3-4 serves of oily fish per week is a good number to aim for. If you prefer plant-based sources, include walnuts, chia seeds, flaxseeds and hemp seeds daily to reap the benefits.
Looking for a healthy source of fat to include in your diet? High quality olive oil has properties that may help to reduce joint-related symptoms. One animal study showed that extra-virgin olive oil reduced joint swelling, slowed the destruction of cartilage and reduced inflammation.
But don’t worry – the benefits are for people as well! One study showed that people who consume olive oil are less likely to have rheumatoid arthritis.
Olive oil can be drizzled over salads, or used to sauté ingredients. But it's not great for deep frying - deep frying isn't good for you anyway!
Berries are the best fruit ever, at least in my opinion! They are chock-full of nutrients including vitamins, minerals and antioxidants that can help to reduce inflammation naturally.
One study showed that people who ate at least two servings of strawberries per week were 14% less likely to have elevated inflammatory markers. Researchers also suggest that blueberries and strawberries may offer protection against arthritis.
Want to up your berry intake? Chuck them in your smoothies, porridge, salads or just straight into your mouth.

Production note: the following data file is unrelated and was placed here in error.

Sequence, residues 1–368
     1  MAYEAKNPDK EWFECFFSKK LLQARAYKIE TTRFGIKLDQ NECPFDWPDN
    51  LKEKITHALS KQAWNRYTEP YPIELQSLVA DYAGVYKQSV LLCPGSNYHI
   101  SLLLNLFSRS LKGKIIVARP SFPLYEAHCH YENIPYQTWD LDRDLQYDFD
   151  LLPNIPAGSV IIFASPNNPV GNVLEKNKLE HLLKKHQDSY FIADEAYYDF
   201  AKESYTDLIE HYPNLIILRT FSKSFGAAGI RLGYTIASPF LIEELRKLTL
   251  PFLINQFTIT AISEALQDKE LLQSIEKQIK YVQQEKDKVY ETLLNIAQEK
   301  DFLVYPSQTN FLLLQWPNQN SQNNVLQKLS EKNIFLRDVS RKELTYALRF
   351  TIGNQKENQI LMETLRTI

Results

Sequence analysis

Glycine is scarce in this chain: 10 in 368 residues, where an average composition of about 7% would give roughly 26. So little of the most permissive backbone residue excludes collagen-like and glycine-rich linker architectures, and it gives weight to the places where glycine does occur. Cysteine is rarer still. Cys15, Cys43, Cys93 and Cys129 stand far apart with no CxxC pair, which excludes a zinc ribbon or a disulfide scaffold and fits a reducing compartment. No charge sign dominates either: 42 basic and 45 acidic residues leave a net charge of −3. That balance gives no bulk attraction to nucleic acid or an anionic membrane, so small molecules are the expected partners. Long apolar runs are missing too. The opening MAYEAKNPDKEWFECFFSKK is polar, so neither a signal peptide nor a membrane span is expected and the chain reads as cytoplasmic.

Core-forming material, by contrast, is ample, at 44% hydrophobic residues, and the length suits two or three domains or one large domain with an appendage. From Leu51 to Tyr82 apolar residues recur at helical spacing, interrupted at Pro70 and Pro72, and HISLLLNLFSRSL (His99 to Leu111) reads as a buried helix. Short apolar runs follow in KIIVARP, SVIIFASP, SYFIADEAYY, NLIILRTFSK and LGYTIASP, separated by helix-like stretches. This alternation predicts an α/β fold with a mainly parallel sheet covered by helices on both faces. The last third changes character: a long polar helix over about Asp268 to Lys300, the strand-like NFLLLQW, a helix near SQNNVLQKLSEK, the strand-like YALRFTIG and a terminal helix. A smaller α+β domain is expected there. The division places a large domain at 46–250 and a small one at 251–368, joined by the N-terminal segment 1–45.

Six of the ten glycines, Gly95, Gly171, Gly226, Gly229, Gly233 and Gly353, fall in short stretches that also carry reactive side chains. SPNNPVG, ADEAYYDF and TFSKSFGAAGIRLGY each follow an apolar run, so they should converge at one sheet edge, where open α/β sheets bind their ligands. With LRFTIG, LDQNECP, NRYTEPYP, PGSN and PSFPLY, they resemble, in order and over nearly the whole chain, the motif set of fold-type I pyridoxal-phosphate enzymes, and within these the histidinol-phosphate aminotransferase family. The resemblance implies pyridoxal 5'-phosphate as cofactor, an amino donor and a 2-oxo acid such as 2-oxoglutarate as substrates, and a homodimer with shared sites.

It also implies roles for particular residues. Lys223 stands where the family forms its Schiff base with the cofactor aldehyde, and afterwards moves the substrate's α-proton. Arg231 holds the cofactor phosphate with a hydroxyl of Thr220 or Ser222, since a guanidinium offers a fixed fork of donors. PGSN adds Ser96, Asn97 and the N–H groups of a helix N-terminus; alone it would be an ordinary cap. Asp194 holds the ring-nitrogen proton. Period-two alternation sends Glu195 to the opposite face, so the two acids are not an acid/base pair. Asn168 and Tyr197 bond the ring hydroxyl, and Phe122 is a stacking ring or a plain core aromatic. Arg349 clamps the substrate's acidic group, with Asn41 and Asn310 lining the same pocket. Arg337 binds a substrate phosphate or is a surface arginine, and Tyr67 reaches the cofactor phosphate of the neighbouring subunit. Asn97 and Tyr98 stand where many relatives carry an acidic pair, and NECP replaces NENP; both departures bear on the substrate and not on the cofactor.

Spice things up in the kitchen! Pretty much any herb or spice will have antioxidant and anti-inflammatory properties. But if we’re going to play favourites, turmeric and ginger are bestfor sore joints and arthritis.
There are many research studies that show supplementing with turmeric can be beneficial for arthritis. But adding it into your diet can still help as well! Turmeric is not well absorbed, so the best consume it is with a source of good fats and some black pepper. Research into turmeric and ginger has shown that both have anti-arthritic effects.
How to use them? It’s simple – sprinkle your favourites spices everywhere! Turmeric and ginger can be added to sweet and savoury dishes.
Tart cherry juice
Tart cherries are packed full of antioxidants that can support your joint health. One study looking at osteoarthritis showed that consuming 475ml of tart cherry juice daily significantly reduced symptoms and inflammation. Tart cherry juice can also reduce inflammatory markers.
But the benefits don't stop there. Tart cherry juice is also a natural source of melatonin, which is needed for deep, restful sleep. If you’re not getting quality sleep, your body can’t repair damage effectively, which can exacerbate pain.
Ready to get into tart cherry juice? Make sure you choose an unsweetened variety. Otherwise, a lot of the benefits will be cancelled out by excess sugar.
Don’t get me wrong, I love my coffee. But green tea is king when it comes to caffeine-containing beverages if you’re in pain.
Green tea contains a potent antioxidant known as ECGC. ECGC has been shown to reduce inflammatory cytokines in research. And although trials are in the early stages, the research also suggests that it could be beneficial in reducing inflammation in osteoarthritis.
I often recommend that coffee drinkers alternate between coffee and green tea – so if you drink 4 cups of coffee per day, try 2 cups of coffee and 2 cups of green tea. But if you're not big on caffeine, even one cup a day can offer health benefits.
Sam is a nutritionist, health writer and wellness speaker based in Melbourne. She loves to spread knowledge about food as medicine, and is passionate about personalised nutrition. You can find out more on her website.